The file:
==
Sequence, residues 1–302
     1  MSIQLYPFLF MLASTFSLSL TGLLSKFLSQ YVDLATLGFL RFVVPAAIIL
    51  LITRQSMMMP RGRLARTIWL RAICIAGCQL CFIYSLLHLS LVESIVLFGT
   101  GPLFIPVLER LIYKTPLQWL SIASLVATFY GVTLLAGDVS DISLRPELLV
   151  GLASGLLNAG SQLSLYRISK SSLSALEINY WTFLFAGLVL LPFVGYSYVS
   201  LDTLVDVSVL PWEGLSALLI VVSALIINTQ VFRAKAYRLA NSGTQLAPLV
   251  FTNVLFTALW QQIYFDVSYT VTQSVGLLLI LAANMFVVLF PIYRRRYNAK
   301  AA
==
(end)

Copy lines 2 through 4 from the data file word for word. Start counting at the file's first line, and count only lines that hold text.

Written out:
     1  MSIQLYPFLF MLASTFSLSL TGLLSKFLSQ YVDLATLGFL RFVVPAAIIL
    51  LITRQSMMMP RGRLARTIWL RAICIAGCQL CFIYSLLHLS LVESIVLFGT
   101  GPLFIPVLER LIYKTPLQWL SIASLVATFY GVTLLAGDVS DISLRPELLV